It’s not just the art of Jean-Michel Basquiat that his family curates in “King Pleasure,” an exhibition on now at the Grand in Los Angeles. It is also his life itself. “King Pleasure” was put together by Basquiat’s sisters, Lisane and Jeanine, together with his stepmother, Nora Fitzpatrick, and the Basquiat specialist Dieter Buchhart. The show supplies a vast, coherent, and immersive overview of Basquiat’s work. It also represents the boldest attempt yet to re-frame his personal narrative—principally, but not entirely, by what it omits.

Three of us who know the facts of Basquiat’s early life—Al Diaz, Danny Kessler, and myself—regrouped recently to debrief the show, which we had each seen during its New York run. We met Jean at City-as-School, which was, and is, an “alternative” public high school, then based in Brooklyn, now in Lower Manhattan. At C.A.S., teachers were “advisers” who sometimes taught, but also guided students through the experiential-learning emphasis of the program. Danny is now a sociology professor; Al, who was Jean’s partner in the famous SAMO graffiti project, works full-time on his art.

Untitled (Thor), a 1982 work by Basquiat.

For creative mavericks, C.A.S. provided the most nurturing environment imaginable, but Jean still had a troubled career there. It culminated, or perhaps bottomed out, when he pelted principal Frederick Koury with a cream pie at the 1978 spring graduation ceremony. (This happened after Jean had been dismissed from the school, not before—one of many factual inversions promulgated by Jean himself.) While Jean was there, however, C.A.S.’s emphasis on the five boroughs as campus provided him with the opportunity to hone his protean adaptability—high life and low, erudite to common denominator. Jean developed the ability to integrate and ingratiate himself everywhere.

The boldest attempt yet to re-frame Jean-Michel Basquiat’s personal narrative—principally, but not entirely, by what it omits.

He was sexually as well as socially protean, and his bisexuality—perhaps the word is “pansexuality”—has been, at most, glancingly discussed in biographical material. But Jean was both bisexual and extremely promiscuous at C.A.S. His sexuality was a major, if perhaps underlying, catalyst for the hostilities between him and his father, Gerard Basquiat. Gerard was paradoxical, as his daughters acknowledge in the catalogue accompanying “King Pleasure.” The background they supply there is instructive, whereas their recollections as videotaped for the exhibition are mostly boosterism.

Basquiat with his sisters, Lisane (left) and Jeanine.

Gerard sometimes invited Danny to play tennis, and the time spent alone with Gerard gave Danny a sense of his complexity. One minute Gerard would be discussing the rarefied poetry of Stéphane Mallarmé; in the next, he’d crudely refer to his son as a “pussy faggot bitch.” Al, Danny, and I—as well as many others—certainly believed Jean’s claim that his father was physically abusive. Jean displayed his bruises, and his fear of his father was palpable. Jean’s mother, Mathilde, was institutionalized, and, according to Danny, “a source of endless pain.” Jean blamed his father for his mother’s condition. He loved his sisters and worried about them.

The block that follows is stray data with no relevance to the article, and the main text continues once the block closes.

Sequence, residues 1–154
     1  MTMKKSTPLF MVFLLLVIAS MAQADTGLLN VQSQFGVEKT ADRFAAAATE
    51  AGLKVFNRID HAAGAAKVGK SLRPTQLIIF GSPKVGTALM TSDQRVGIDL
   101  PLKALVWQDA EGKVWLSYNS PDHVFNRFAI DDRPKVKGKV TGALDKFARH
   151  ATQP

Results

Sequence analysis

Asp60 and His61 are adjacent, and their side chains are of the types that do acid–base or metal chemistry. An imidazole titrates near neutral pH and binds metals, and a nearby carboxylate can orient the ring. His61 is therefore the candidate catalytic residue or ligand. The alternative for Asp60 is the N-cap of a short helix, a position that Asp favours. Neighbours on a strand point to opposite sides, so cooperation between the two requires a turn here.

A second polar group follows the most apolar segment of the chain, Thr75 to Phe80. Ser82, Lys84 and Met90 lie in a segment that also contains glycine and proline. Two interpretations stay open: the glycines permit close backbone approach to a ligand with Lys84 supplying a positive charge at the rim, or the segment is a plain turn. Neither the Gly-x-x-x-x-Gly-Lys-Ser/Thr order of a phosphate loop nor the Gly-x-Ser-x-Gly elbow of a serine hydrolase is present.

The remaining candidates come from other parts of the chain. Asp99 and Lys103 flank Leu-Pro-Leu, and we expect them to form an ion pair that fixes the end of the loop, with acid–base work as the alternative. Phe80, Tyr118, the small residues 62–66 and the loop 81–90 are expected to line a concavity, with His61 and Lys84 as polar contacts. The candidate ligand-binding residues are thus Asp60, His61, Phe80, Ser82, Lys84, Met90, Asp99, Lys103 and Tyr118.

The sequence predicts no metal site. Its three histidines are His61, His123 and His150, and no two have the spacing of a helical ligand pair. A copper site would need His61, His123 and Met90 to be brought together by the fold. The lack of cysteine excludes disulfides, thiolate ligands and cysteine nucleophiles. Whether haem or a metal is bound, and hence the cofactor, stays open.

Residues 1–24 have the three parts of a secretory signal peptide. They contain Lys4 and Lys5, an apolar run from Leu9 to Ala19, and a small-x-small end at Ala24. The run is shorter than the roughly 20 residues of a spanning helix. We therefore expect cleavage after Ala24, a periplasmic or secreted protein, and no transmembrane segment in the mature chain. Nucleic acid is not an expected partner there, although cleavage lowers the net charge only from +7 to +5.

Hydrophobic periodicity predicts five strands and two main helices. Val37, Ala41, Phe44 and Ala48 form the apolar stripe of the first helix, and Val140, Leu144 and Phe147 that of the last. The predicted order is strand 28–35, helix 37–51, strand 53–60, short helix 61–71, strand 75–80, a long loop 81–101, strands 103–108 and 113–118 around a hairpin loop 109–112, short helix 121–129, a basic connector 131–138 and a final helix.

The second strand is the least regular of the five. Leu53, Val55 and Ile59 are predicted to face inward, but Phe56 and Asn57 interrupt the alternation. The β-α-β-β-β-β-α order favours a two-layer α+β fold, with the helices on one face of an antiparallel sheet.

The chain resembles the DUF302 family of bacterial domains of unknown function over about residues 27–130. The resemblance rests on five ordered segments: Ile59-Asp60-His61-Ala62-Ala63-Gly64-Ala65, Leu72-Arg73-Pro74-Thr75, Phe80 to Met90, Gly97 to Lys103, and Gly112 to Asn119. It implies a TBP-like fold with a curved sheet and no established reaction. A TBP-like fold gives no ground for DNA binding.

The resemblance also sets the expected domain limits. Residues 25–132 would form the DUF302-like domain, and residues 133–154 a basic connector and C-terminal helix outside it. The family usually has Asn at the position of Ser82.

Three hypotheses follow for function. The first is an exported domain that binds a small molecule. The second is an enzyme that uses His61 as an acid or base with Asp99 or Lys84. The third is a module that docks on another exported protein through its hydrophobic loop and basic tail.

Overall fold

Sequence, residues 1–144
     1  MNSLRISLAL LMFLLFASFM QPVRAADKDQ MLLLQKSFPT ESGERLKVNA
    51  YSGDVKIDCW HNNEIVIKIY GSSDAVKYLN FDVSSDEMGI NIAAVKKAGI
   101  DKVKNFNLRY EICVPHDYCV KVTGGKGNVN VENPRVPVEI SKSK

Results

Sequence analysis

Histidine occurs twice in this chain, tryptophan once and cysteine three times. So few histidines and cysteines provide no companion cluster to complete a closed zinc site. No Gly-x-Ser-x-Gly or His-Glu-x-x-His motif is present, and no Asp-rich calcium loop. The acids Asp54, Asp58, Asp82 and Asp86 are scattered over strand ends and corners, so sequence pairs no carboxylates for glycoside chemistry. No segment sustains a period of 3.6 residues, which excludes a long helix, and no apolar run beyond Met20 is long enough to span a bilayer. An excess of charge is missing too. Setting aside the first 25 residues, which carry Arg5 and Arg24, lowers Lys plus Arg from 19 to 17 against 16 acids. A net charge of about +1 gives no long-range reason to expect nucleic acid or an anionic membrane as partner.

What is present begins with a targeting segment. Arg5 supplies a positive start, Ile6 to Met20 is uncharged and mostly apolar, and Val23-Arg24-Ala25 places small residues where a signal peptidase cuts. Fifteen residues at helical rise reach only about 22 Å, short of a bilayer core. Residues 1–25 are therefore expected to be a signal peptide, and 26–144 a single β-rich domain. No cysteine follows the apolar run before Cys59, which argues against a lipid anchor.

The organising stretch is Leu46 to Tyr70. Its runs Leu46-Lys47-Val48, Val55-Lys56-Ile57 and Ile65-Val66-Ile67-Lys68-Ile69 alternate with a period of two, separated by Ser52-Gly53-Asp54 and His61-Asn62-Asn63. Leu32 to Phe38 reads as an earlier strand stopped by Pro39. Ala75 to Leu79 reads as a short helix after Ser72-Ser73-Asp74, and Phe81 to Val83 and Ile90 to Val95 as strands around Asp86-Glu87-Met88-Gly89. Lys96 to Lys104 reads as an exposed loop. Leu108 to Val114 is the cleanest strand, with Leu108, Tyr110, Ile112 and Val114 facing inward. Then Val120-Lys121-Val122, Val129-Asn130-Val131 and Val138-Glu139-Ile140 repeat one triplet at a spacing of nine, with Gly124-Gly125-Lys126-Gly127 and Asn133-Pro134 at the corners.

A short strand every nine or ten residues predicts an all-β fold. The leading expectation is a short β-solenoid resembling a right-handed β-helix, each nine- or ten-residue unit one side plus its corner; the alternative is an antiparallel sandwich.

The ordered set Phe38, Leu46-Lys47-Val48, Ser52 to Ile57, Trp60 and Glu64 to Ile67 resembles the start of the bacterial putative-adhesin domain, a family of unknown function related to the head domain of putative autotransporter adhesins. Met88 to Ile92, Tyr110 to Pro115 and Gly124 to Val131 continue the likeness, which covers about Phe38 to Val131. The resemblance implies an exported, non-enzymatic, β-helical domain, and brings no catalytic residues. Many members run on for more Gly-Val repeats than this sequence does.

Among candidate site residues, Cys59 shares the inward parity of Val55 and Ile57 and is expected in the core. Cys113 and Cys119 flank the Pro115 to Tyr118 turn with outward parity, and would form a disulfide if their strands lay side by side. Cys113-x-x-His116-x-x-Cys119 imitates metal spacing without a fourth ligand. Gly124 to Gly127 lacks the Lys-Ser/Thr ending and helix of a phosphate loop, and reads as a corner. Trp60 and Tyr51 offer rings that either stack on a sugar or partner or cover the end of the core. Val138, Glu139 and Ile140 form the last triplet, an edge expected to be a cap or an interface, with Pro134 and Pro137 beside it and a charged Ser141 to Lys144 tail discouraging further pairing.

“King Pleasure” takes us all the way back to Jean’s infancy, through home movies and artifacts from the family’s archive. As his chronology advances, included are samples of the Basement Blues Press—the C.A.S. student newspaper on which Jean, Al, and I worked. Jean’s art back then was curvilinear and hippie-ish, a world apart from the scabrous imagery that blistered his adult canvases. And yet his interest in the word was manifest always: wordplay, word tags, word imagery, word signifiers, are a through line.

Jawbone of an Ass, from 1982.

In my 1977 C.A.S. yearbook, Jean signed a cryptic message that punned on the “last daze” of the school term. A shining sun rose out of his written inscription. Jean always imagined words and images as a kind of synesthesia in which each translated and transmuted the other.

Jean’s sexuality was a major, if perhaps underlying, catalyst for the hostilities between him and his father.

Among the exhibition’s highlights are spectacular life-size installations re-creating his Great Jones Street studio, in Manhattan’s NoHo, and the Mike Todd Room, in the former Palladium club on 14th Street, for which he was commissioned to contribute canvases. He hung out there, too, which added to the lure of the club itself. These rooms are imprinted with his invisible presence.

Jailbirds, 1983.

Jean’s overdose death, in 1988, left a large body of work that nevertheless was irrevocably finite—thus allowing new fortunes to be made. As indeed they have been. His work solicits astronomical auction bids; his museum exposure is vast, and so is the commercial licensing that stamps his imagery on sneakers, T-shirts, backpacks. Adjacent to “King Pleasure” is a large gift shop crammed with merchandise.

Ultimately, “King Pleasure” provokes more questions than it answers—about art, commerce, the making of myth and narrative, the contours of family, the evolution of sensibility. It is not the final word, but it does demand that the spectator provide his or her own transcription. If pleasure was indeed king in Basquiat’s life and work, pain was its ubiquitous consort.

“Jean-Michel Basquiat: King Pleasure” is on at the Grand in Los Angeles through October 15

Joel Lobenthal is a historian and cultural critic who has written books on subjects ranging from Tallulah Bankhead to Yuri Soloviev, Patricia Wilde, and 60s fashion